Positive Signs for These Negative Cash Flow Stocks

Most of us at The Motley Fool, including me, love free cash flow. But if we take that obsession too far, we'll buy into companies we shouldn't, and miss out on some truly great stocks.

Today, I'll show you how to avoid that mistake -- and give you my monthly list of stocks with negative free cash flow that might be poised for greatness.

Good FCF, bad FCF
We love free cash flow for a number of reasons, mainly because it gives us a more realistic view of a company's earning power. Yet as you've probably learned if you've been investing for more than a few days, nothing is ever simple in the world of stock picking.

Joel Litman, managing director at Equity Analysis & Strategy, is one of the top experts around when it comes to evaluating cash flows. At a recent presentation at Fool HQ, he pointed out that there are times to buy heavily into a company with negative free cash flow. Determining "good negative free cash flow" and "bad negative free cash flow" begins with a look at a company's rate of return alongside its rate of growth.

Big Orange
The perfect example is Home Depot. The home improvement retailer absolutely plastered the market from 1985 to 2001, yet showed negative free cash flow in all but one of those 16 years.

Home Depot's negative free cash flow during that period was the result of management pouring all its cash back into its high-return business -- and not because of any deficiency in the business itself. "As long as that growth in capital will realize returns above the cost of that capital," Litman says, "negative free cash flows can be a great sign for the business."

In 2001, Home Depot finally hammered out positive free cash flow and has maintained that positivity every year since. Its stock price, however, has been relatively flat.

Litman says the market has understood the issue very well, namely that the positive free cash flow was the result of management slowing its rate of reinvestment back into the business. This is sometimes accompanied by share buybacks, dividend boosts, and other "good things for investors." However, he says, "None of these can be as good for shareholders as massive growth into an incrementally high return business."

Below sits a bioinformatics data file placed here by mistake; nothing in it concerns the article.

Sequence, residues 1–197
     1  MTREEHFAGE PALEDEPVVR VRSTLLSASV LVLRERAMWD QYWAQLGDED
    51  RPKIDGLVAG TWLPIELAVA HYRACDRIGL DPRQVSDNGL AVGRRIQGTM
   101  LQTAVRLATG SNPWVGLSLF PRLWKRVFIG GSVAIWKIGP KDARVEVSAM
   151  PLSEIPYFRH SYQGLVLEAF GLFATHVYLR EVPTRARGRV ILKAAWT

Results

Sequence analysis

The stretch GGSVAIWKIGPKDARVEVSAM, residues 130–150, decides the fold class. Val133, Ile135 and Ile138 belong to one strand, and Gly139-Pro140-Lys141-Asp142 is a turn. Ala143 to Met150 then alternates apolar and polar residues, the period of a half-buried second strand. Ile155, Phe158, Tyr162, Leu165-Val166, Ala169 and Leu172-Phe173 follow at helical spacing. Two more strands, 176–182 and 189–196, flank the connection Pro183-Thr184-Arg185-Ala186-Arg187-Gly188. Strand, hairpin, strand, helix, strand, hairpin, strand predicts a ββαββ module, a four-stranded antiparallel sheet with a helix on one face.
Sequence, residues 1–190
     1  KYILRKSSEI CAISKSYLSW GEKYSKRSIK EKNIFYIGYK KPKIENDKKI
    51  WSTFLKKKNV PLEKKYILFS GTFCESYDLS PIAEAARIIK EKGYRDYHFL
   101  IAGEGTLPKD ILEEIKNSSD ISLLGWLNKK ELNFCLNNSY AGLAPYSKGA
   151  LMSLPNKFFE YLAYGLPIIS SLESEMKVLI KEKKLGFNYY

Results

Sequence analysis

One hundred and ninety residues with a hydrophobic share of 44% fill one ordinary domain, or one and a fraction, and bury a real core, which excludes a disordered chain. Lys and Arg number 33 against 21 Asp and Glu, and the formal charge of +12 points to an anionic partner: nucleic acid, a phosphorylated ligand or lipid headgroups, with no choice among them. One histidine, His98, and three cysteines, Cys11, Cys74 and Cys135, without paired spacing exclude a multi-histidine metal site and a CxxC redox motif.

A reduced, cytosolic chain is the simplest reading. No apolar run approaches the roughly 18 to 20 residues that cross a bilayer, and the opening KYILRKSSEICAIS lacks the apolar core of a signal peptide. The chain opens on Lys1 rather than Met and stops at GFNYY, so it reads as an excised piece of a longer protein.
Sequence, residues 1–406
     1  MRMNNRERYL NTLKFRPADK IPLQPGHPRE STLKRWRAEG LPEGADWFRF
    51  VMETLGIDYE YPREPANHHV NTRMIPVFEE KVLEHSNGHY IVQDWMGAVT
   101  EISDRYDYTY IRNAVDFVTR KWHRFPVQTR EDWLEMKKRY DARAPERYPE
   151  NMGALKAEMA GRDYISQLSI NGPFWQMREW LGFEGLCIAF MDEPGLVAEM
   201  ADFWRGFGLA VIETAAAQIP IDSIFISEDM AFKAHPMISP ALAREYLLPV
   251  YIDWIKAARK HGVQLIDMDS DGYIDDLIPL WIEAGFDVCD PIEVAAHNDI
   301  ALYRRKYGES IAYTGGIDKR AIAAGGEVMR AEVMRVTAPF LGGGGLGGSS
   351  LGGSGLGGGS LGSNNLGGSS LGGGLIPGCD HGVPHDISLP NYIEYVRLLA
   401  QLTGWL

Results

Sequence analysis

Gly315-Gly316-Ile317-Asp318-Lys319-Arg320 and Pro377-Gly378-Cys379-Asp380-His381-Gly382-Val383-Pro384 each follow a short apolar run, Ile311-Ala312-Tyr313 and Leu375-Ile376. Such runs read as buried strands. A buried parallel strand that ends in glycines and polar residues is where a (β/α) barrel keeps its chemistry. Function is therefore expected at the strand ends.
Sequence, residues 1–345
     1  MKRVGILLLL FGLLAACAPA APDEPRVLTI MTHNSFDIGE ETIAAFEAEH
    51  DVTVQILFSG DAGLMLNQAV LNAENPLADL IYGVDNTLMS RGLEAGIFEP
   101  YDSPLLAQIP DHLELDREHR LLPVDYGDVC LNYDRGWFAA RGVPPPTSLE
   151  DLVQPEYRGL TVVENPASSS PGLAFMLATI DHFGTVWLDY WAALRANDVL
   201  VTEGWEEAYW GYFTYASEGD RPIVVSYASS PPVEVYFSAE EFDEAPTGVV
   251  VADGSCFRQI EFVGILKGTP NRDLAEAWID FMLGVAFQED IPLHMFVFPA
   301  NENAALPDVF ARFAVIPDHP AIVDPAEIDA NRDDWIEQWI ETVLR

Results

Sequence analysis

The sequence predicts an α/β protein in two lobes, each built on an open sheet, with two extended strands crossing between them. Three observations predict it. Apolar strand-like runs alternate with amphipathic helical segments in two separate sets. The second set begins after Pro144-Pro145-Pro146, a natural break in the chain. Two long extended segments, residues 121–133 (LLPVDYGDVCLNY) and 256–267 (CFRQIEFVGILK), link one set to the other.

If a company you own is transitioning to this stage, you may want to consider that its high-return days are behind it.

The next Home Depot
The natural question, then, is which companies today are exhibiting characteristics similar to Home Depot in the early part of its high-growth, negative-cash-flow phase?

I set up a screen for all companies on U.S. exchanges with a market cap greater than $200 million that have:

  • Grown their revenues an average of 25% or more over the past two years.
  • Grown their capital expenditures an average of 25% or more over the past two years.
  • Generated negative free cash flow each of the past two years.

Because we're looking for younger businesses early in their growth cycles, I also limited the results to companies that were founded since 2000. A total of 37 pass the screen this month:

Company

Market Cap
(millions)

Industry

2-Year Revenue Growth (CAGR)

2-Year CapEx Growth (CAGR)

FCF (TTM in millions)

Kosmos Energy

$4,847

Oil and gas exploration and production

2,299%

71%

($118)

Mechel OAO

$3,717

Steel

51%

76%

($1,683)

Tesla Motors

$3,391

Automobile manufacturers

35%

308%

($312)

Molycorp

$3,095

Diversified metals and mining

648%

544%

($259)

Oasis Petroleum

$2,938

Oil and gas exploration and production

196%

173%

($437)

Youku

$2,754

Internet software and services

391%

32%

($3)

Allied Nevada Gold

$2,693

Gold

88%

188%

($64)

MAKO Surgical (Nasdaq: MAKO  )

$1,690

Health-care equipment

57%

295%

($40)

Clean Energy Fuels (Nasdaq: CLNE  )

$1,662

Oil and gas refining and marketing

49%

68%

($97)

ExactTarget (NYSE: ET  )

$1,569

Internet software and services

45%

48%

($34)

Vanguard Natural Resources

$1,493

Oil and gas exploration and production

161%

49%

($65)

Opko Health

$1,381

Biotechnology

152%

300%

($20)

Legacy Reserves